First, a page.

The Sound of Creativity: Correlating Brainwave & Psychometric Changes with Workplace Acoustics

Sep 23, 2016

This research reports on findings from a controlled yet ecologically relevant study that investigates how sound may influence creativity. Frontal lobe electroencephalographic (EEG) brainwaves were recorded while consenting participants completed alternate use tests, a creative product task, and post-test surveys in an office environment that was controlled to have no visual distractions and quiet control conditions. Initial findings show changes in creativity scores associated with different acoustic stimuli, and significant changes in alpha, beta, and gamma brainwave amplitudes during creative tasks versus inter-test intervals. These data suggest that face-to-face interaction, conversation, and acoustic interruption may disrupt the creative process. The experiment’s progress and findings will add to the conversation of the impact and evolution of the open office workplace.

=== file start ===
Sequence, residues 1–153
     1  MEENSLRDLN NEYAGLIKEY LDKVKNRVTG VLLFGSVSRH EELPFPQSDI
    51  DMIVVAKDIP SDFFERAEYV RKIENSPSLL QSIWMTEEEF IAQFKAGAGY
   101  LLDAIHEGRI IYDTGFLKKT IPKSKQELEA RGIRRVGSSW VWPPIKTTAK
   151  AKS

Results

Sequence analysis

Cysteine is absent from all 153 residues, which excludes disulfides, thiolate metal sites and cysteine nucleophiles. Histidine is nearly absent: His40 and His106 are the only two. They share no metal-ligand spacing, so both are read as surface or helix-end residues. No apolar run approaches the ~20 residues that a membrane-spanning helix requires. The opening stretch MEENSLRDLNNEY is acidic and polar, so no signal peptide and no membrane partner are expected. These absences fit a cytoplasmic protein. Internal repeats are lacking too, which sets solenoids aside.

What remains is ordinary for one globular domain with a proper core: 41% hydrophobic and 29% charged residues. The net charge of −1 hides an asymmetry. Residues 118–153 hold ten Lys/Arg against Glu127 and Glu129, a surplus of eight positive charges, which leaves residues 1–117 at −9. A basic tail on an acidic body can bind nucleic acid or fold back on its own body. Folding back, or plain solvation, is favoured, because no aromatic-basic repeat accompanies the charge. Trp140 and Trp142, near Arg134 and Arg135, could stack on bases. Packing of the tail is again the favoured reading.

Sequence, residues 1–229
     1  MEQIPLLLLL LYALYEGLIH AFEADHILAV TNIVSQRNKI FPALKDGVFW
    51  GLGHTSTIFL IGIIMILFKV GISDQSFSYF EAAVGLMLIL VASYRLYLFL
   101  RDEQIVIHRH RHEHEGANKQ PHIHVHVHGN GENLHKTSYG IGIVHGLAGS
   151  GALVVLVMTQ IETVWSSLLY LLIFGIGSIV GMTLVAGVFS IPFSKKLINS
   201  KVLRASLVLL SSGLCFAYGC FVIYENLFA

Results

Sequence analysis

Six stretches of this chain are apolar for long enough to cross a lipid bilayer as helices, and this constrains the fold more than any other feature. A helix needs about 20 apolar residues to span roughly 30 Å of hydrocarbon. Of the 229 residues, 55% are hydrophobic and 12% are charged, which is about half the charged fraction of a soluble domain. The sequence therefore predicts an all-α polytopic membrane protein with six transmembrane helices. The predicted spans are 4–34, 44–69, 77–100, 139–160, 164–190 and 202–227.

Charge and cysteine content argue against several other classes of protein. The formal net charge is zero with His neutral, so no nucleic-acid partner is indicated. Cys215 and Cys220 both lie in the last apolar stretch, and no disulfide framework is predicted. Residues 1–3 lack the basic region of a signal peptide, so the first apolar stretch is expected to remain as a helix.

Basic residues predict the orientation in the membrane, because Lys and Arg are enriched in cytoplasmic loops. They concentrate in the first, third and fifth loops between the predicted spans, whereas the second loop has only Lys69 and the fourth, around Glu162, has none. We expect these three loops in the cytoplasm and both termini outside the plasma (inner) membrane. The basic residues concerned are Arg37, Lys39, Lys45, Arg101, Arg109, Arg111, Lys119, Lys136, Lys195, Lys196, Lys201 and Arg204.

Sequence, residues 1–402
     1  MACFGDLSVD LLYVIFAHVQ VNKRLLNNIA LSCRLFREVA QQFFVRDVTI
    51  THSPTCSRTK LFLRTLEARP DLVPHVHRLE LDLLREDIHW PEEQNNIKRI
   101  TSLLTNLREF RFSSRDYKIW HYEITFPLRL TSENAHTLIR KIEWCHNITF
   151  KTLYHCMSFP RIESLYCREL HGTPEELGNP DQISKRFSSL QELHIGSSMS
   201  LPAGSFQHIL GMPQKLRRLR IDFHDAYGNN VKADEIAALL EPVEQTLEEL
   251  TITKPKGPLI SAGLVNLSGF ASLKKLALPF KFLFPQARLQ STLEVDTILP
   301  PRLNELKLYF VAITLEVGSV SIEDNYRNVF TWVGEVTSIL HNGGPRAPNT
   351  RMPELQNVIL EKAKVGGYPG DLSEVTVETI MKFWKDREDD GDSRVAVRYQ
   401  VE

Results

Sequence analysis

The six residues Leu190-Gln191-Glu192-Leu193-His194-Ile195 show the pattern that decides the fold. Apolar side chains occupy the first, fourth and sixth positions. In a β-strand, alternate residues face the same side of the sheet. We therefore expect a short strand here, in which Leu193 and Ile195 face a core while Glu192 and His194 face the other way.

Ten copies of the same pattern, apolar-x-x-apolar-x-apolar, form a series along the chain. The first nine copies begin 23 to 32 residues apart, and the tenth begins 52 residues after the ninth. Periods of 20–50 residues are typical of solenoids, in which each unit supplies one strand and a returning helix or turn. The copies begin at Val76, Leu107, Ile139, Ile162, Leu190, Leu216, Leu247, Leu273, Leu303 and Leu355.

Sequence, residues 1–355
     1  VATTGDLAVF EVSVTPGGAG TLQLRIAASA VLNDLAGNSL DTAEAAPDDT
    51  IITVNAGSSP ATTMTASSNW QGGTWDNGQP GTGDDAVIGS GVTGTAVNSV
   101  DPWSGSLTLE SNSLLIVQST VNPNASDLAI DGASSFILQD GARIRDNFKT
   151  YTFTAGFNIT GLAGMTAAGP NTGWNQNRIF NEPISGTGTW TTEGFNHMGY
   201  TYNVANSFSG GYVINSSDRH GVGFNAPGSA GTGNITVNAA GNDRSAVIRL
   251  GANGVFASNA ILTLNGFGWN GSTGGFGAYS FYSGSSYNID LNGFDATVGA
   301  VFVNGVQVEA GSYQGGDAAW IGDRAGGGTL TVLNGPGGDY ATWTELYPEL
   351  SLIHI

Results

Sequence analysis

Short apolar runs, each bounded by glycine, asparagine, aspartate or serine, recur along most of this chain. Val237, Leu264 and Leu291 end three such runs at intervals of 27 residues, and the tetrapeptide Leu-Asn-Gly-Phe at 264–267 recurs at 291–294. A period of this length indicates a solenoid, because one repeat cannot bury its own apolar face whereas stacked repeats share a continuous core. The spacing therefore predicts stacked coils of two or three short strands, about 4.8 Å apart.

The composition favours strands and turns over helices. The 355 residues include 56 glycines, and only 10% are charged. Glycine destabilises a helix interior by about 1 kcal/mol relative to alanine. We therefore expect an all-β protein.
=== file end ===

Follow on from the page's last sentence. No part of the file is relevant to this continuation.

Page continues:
Luke Laverty, AIA (Perkins+Will)
Eve A. Edelstein, Ph.D., Assoc. AIA, FAAA (Perkins+Will)
Richard Brink (Genesis Planning)
Presented at: 
2016 ANFA Conference (Salk Institute for Biological Studies, La Jolla, CA)
Published & professionally reviewed by: 
Academy of Neuroscience for Architecture

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